Where there’s no will, there’s no $$

Where there’s no will, there’s no $$


By QUAH SENG SUN

DO YOU know that in 2006, Amanah Raya Berhad (ARB), as the public trustee and custodian, admitted to having a RM471mil inheritance problem? But rest assured, ARB was not at fault. There was no dereliction of duty here.

Instead, the finger pointed fully and squarely at the rightful heirs of money and property left behind by the dead who did not leave a will. Worse, complications had set in when the heirs themselves died without writing their own wills.

According to a story in New Straits Times (Aug 28, 2006), the majority of inheritance cases were not resolved because family members either could not care about sorting out the estate of the deceased or could not agree on the distribution and fought over the assets.

When the original beneficiaries could not be bothered, said ARB chairman Datuk Dusuki Ahmad, the case would become trickier when these original beneficiaries died and the assets were then to be distributed to the next generation of descendants.

“The descendants may not be able to accept the terms of distribution among themselves and this is usually the case when the assets which were considered of little value two or three generations back had now become more valuable with the passing of years,” he said.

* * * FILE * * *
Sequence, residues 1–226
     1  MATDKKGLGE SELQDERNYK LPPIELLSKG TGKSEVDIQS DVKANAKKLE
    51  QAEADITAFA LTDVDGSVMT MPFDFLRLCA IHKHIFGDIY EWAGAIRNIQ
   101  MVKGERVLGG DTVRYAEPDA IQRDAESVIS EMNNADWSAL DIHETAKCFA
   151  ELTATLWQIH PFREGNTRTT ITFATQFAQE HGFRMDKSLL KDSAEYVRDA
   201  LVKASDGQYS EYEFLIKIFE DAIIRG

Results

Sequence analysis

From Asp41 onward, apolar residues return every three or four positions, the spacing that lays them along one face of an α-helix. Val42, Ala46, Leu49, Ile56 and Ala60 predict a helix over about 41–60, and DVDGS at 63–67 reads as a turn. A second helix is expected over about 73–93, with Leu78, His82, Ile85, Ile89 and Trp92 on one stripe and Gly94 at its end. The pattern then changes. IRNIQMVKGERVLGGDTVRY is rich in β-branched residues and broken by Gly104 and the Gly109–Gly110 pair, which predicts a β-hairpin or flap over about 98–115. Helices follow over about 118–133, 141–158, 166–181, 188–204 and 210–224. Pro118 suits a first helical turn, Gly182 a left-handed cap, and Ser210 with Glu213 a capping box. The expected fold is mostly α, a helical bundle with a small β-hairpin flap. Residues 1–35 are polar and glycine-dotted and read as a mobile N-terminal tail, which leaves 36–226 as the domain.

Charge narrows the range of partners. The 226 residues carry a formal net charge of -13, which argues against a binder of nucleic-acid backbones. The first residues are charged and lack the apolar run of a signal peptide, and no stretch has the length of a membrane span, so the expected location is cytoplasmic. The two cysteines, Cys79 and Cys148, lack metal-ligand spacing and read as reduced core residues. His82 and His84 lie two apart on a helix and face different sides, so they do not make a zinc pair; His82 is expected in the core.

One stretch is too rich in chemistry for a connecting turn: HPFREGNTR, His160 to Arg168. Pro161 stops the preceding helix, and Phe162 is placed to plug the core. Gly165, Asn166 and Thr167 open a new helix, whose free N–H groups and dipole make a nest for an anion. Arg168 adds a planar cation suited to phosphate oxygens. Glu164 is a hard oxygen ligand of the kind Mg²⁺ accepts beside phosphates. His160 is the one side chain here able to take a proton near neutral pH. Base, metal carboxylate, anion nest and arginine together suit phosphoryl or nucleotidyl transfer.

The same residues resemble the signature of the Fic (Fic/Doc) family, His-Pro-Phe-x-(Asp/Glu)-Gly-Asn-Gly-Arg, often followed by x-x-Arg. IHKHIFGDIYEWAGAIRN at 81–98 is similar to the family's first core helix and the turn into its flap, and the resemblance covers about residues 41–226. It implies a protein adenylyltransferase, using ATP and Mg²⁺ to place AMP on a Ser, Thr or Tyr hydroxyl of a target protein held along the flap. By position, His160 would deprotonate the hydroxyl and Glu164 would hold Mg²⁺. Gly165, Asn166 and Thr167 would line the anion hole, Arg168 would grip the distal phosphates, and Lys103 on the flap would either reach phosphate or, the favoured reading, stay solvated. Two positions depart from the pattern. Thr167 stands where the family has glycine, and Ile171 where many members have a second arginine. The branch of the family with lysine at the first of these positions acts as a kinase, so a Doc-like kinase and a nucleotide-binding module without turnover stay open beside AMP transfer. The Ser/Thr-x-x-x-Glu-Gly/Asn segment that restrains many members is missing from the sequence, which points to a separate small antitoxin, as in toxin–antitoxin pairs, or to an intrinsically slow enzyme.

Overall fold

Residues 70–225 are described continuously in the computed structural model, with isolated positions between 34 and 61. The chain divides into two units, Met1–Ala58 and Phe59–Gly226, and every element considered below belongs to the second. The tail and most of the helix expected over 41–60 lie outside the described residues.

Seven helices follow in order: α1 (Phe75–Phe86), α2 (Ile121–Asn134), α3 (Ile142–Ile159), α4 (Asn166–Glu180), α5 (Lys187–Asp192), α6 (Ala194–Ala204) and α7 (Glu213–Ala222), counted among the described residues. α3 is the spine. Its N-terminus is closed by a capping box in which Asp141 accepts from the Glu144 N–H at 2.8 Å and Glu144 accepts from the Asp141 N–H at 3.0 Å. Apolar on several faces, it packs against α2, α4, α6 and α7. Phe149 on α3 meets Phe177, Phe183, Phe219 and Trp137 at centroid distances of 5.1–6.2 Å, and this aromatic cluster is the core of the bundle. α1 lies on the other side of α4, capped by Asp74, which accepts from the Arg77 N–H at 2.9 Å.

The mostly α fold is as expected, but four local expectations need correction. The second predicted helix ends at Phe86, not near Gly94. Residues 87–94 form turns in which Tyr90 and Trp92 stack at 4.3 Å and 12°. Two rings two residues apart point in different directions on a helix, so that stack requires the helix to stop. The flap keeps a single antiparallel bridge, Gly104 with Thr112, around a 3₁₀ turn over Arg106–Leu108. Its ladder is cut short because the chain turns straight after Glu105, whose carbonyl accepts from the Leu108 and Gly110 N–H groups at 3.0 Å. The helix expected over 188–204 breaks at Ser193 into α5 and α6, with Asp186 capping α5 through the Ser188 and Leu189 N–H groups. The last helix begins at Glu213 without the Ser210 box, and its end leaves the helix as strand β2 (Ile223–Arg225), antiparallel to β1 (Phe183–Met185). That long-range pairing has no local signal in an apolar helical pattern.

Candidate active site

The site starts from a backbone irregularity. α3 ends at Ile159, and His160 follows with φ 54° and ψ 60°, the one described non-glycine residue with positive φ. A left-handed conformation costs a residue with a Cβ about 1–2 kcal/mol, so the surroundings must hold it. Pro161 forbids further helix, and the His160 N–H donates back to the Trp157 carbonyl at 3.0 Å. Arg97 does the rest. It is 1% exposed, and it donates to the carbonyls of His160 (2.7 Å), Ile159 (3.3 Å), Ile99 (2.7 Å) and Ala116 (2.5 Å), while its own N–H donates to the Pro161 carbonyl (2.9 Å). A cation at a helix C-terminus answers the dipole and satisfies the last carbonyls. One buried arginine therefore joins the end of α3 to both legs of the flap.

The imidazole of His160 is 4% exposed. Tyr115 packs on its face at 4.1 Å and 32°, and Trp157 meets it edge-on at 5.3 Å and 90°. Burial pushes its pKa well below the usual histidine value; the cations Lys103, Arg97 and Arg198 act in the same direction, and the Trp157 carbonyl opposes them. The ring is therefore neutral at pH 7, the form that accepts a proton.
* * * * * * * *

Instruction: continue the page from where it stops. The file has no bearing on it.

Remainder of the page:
Many of the unresolved cases involved Muslims who chose not to write a will because they depended on the Faraid system to distribute and manage their assets after death.

The newspaper article went on to say that although the Faraid system was very systematic in spelling out how the estate should be distributed exactly to living descendants, it did not cover adopted children.

Without a wasiat (will), adopted children would get nothing. However, with a wasiat, the deceased could plan to give one-third of his estate to them.

ARB’s senior marketing and product development manager, Azliah Suhod, said: “Sadly, most people still lack an understanding of the importance of estate administration. But non-Muslims are more aware of the need for a will and often ensure fair and satisfactory distribution of their assets.”

Note: Some of the unresolved estates go as far back as 1921 when the Department of Public Trustee and Official Administrator was first established by the British colonial administration. This department later became ARB. The RM471mil from 21,000 unresolved inheritance cases consisted of RM141mil cash and some RM330mil non-cash assets.

What a waste. If only they had written a will!

Retiree Quah Seng Sun is a personal estate planner.

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